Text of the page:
This is what I did not know in my 20’s. That I would come to dislike the adrenaline-rush that made me feel so good.
In our twenties, we feel competent
We have smashing time. Suddenly we have a little money. We set ourselves up independently. We take on responsibility at work. We feel omnipotent.
We are in, a way. We have more energy than our jobs demand. And we throw ourselves into everything with gusto.
Until one day,
. . . the story changes. We burn out. We wake up in the morning so tired that the only thing to do is to sit quietly in the sun, if we can find it. We are too tired to read. We are too wearied to put up with the banality on the TV.
From that day forward, we are wiser, if sadder
We resist the adrenaline-rush. We put off being totally involved in anything because we know the withdrawal is not worth the excitement and the buzz.
We also become skeptical about what is accomplished while we are ‘high’. We come to agree with poet, David Whyte. We are not nice people when when we are moving so fast that we trample over people who are moving slowly.
But we are also restless
When we are undecided, when we are still on the plains of ‘wish‘ and are still to cross the famed Rubicon river to the land of ‘intent‘, we feel restless and doubt we are achieving anything at all.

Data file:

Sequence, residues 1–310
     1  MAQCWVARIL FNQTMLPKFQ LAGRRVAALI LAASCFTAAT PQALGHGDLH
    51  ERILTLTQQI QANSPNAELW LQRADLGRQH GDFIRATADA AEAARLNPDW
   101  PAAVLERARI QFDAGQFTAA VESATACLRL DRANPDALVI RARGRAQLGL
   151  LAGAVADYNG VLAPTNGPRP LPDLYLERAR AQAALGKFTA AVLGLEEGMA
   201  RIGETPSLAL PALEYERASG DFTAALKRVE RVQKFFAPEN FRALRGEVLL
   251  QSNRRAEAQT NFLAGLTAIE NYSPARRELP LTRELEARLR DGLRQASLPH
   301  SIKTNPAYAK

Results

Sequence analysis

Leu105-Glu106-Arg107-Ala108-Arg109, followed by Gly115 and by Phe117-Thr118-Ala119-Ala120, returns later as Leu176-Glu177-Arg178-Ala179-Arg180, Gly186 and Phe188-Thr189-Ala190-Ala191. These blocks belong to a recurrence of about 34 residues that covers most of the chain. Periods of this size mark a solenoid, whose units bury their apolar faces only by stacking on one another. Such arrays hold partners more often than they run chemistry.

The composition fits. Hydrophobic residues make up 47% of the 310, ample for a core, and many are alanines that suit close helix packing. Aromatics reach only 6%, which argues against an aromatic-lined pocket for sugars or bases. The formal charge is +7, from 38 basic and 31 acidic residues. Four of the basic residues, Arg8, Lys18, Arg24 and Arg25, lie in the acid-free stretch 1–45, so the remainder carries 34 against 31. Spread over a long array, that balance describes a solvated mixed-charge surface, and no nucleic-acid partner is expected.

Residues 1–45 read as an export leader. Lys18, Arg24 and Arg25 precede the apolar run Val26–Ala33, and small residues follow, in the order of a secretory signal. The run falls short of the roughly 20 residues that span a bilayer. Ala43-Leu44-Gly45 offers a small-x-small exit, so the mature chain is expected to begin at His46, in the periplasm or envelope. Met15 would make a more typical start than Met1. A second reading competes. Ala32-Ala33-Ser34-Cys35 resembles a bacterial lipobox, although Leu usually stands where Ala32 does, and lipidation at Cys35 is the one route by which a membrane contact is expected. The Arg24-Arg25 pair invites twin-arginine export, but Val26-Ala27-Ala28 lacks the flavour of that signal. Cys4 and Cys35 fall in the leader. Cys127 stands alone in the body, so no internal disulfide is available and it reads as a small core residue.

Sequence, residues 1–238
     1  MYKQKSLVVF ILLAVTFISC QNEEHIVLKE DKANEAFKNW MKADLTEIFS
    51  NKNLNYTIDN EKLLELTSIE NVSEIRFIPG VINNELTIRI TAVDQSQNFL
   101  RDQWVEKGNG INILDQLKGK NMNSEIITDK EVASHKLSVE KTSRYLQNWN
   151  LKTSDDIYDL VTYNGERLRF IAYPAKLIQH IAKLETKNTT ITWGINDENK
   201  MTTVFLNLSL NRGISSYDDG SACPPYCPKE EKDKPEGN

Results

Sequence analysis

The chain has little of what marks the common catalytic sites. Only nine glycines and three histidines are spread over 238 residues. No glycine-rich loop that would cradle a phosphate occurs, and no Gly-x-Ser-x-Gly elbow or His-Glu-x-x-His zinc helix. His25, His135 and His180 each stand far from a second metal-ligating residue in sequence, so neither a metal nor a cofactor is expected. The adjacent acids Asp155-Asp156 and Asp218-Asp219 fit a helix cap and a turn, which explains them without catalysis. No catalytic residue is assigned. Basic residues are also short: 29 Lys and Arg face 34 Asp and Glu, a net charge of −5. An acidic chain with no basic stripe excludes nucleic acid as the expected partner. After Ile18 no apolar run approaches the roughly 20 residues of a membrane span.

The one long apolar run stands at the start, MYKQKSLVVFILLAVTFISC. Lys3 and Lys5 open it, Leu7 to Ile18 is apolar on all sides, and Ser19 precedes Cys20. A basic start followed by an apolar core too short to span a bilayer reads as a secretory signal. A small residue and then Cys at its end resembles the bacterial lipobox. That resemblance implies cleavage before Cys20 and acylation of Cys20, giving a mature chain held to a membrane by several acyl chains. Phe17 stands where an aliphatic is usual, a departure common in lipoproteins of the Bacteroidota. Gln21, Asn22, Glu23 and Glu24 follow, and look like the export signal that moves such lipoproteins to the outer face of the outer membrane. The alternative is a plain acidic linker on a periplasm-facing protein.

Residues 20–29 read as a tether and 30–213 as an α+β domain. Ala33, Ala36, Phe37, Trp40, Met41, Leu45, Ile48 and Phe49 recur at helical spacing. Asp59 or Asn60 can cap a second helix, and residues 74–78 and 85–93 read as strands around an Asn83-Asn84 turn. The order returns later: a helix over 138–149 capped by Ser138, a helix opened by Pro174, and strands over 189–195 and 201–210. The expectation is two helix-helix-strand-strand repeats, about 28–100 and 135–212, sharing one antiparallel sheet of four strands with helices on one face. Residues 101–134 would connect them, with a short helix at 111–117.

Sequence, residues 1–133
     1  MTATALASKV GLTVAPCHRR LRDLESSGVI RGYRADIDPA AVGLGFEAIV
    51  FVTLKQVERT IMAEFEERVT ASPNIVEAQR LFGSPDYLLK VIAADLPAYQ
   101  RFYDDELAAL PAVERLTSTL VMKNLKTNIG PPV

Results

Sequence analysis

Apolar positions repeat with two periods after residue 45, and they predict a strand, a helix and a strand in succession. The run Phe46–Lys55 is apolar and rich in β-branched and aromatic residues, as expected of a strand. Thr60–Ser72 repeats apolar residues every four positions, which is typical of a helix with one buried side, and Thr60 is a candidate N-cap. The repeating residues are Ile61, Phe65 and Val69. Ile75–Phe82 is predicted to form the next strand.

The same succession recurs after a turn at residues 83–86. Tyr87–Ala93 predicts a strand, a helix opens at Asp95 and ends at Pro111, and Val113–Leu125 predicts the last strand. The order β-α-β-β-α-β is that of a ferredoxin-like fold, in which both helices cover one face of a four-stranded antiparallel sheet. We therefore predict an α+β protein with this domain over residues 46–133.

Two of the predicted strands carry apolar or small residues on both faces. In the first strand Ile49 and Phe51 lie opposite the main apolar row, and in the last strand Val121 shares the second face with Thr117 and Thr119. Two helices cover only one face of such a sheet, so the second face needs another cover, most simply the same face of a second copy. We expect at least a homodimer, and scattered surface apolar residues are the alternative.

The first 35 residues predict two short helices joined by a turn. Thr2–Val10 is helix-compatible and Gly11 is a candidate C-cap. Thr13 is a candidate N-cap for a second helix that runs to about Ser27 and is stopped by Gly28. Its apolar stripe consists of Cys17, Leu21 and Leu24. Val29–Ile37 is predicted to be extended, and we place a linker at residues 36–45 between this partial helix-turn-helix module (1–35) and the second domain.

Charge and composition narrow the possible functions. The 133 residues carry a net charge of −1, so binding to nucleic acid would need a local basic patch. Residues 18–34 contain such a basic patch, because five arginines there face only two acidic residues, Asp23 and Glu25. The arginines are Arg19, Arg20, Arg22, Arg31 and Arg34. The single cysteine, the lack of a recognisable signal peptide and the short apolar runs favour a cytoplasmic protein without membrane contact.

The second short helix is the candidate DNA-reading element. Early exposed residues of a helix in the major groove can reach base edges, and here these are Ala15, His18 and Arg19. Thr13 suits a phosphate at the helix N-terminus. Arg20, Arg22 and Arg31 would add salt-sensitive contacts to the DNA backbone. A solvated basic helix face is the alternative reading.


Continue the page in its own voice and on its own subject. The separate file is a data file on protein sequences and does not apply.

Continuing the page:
But does our restlessness have good cause?
I am not sure if anything gets done or nothing gets done when we resist the urge to become charged-up and driven. To my knowledge, no one has every compared our output in the two states.
Goal setting research has shown a more limited result. When our attention is focused solely on one goal, the goal is achieved. Hardly surprising, is it?
We should be worried about more
The bigger question is what happens to other goals when we are focused on only one of the many things that are important to us. What happens to everything else – including our health and the health of people around us?
In our thirties, we begin to get an inkling . . .
. . . that we should pick our adrenaline-rush carefully.
How old do we have to be before we learn to balance our lives?
Do we ever learn the art of achieving balance?
Is it true that we achieve less when are lives are balanced? Or is just that we feel cold in the shadow of a helter-skelter adrenaline-fueled chase of a goal?
Who is able to resist starting towards an overarching goal that destroys all else? Who is able to go further and to dismiss such goals altogether and stop them casting a shadow over a life where all our different parts have equal call?
- Time for some evidence-based management in UK
- 3 secrets about goal clarity that I didn’t know I knew
- First step to setting my goals for the recession
- Don’t achieve your goals! Enjoy them. They’ll be gone far too soon!
- The productivity of procrastination. Yes!
- Anything, but please, not the bludgeon of a huge ‘to do’ list
- Get a big job done twice as fast using the psychology of goal setting
- We set goals to give ourselves control. My blogging story shows how.
- Oh! What poiesis taught me about auto-poiesis
- Get done 2x as much (or more) by doing less. Some facts.